What Are By-Laws?

 

Mark Briggs Attorney on By-Laws:

Mark Briggs on By-laws

What are by-laws?

Every business larger than a sole proprietor needs written rules to ensure it operates efficiently, cost-effectively and predictably, while minimizing confusion and disputes. For a business that is organized as a corporation (as opposed to a partnership, LLC or other non-corporate structure), by-laws are the primary set of these written rules. By-laws tell you who is responsible for making certain decisions, how big decisions are made, and how the stockholders of the corporation are involved. By-laws are usually developed before or during the founding of the business, but many start-ups ignore corporate formalities like by-laws until they get beyond the self-funded stage. Generally, the earlier you get the by-laws in place, the better, because you never need them until you need them.

 

What is included in a corporation’s by-laws?

 

There is no universal standard list of what must be in a corporation’s by-laws, but they almost always address at least these questions:

 

  • Board of directors and officers: How many officers and directors will there be? How are they chosen? How long do they serve? What will their responsibilities be? These are all questions to address in your by-laws.
  • Corporate meetings: When, where and how are meetings of the directors and shareholders held? Who is in charge of the meeting? What kind of notice must be given of meetings? Can actions be taken by written consent instead of a meeting?
  • Voting procedures: How many people are needed for vote to be taken (the quorum)? How will a vote be counted? Can someone vote by written proxy? How are nominations made? Which issues can be voted upon?
  • Stock: Will there be only common stock, or will there be multiple classes of stock? How many shares of each class will there be? What are the rights and obligations of shareholders? If some classes of stock will be designated in the future, who will determine the features of those and how? Can shareholders re-sell their stock to anyone at any time, or are there restrictions on the resale of their stock?

 

How do I write by-laws?

 

Including this much information in the early days of your business’ operations may seem daunting, but remember: Just like any other governing document, the by-laws can be amended over time as your business grows and new needs are identified.

 

Having the right set of by-laws in place helps ensure your business operates the way you want it to, without confusion or error. I recommend getting your attorney to assist you, as by-laws are impacted by the laws of the state in which your corporation is created. So, what may work well in California might be a problem in Delaware. If your budget does not allow you to invest in legal services, you can also try using a self-help service like LegalZoom.com to get a generic template of by-laws that will comply with your state’s laws. When you can afford a lawyer, you should have the by-laws reviewed and revised, because they should be tailored to your company’s situation. Remember: If things get rough at your company, the by-laws can save it from disaster or be the match thrown into the powder room. Waiting until trouble happens is usually too late to fix problems in a shoddy set of by-laws.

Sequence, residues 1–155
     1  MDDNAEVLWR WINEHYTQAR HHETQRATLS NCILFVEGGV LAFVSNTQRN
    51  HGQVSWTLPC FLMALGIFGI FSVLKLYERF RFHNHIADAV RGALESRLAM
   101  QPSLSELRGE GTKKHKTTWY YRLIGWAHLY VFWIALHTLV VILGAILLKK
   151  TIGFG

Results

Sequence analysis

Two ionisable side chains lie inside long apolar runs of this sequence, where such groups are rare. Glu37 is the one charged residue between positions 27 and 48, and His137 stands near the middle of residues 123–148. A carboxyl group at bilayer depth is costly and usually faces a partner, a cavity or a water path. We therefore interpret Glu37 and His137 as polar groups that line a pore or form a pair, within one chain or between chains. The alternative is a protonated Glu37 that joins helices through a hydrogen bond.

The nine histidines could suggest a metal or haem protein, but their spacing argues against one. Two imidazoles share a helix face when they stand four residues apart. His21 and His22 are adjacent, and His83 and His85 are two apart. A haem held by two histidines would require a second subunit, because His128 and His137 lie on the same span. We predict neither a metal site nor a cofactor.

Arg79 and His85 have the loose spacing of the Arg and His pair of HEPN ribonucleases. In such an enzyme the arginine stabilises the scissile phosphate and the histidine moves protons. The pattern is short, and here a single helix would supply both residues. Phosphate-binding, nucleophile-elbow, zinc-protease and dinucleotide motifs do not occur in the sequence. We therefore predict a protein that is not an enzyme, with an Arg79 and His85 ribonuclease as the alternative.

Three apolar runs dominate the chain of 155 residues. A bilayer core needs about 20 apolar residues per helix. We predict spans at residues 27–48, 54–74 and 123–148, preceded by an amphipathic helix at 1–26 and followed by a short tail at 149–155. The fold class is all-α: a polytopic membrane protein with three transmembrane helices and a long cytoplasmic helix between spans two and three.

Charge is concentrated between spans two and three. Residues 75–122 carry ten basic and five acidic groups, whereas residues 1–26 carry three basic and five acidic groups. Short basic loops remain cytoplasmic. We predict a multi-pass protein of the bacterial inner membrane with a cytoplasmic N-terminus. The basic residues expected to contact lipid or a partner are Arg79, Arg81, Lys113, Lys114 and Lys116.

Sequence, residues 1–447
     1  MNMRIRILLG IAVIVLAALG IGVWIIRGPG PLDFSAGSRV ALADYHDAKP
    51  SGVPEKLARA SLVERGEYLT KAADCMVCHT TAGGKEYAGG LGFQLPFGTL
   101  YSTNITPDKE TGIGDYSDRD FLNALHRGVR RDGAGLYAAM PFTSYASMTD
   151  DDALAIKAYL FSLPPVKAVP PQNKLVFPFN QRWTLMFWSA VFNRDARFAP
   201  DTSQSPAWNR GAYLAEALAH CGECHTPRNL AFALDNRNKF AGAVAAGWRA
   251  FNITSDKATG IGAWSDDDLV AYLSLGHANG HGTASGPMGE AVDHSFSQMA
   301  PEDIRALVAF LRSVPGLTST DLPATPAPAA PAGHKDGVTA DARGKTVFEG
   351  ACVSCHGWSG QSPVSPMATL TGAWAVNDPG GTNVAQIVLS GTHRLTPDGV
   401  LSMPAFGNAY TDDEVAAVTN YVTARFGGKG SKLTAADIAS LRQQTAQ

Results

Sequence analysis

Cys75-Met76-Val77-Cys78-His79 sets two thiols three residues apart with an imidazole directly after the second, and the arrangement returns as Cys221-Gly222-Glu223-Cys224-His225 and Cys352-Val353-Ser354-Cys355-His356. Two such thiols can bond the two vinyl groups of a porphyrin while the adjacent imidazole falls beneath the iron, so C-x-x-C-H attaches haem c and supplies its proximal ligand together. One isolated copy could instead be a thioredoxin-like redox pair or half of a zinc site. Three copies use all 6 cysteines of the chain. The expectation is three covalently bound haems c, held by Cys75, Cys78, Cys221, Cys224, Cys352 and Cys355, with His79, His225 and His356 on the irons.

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Mark Briggs Phoenix Attorney on Limited Partnerships and Their Specific Advantages

Limited Partnership

Limited partnerships definitely have advantages, but they are also so complex that starting a limited partnership requires a lot of paperwork that should be completed by an attorney. They can be unequal partnerships that give some partners far more responsibility and ownership than others. In fact, this disparity is what distinguishes limited partnerships from general partnerships.

Limited partnerships are more complicated than general partnerships. Owner-partners are classified in two ways:

  1. General partners manage the business and are personally responsible for its debts.
  2. Limited partners contribute capital, share profits, and do not participate in management of the business. They are not responsible for debts of the firm.

Limited partners are like shareholders of a corporation because they aren’t liable for debts, which make it easier for general partners to attract them to invest.

Limited Partnerships and Taxes

A limited partnership does not pay income taxes, but its partners do. Its income is instead imputed to its partners, who report their respective shares of the partnership’s income on their individual tax returns and are responsible for income taxes on that income.

Examples of Limited Partnerships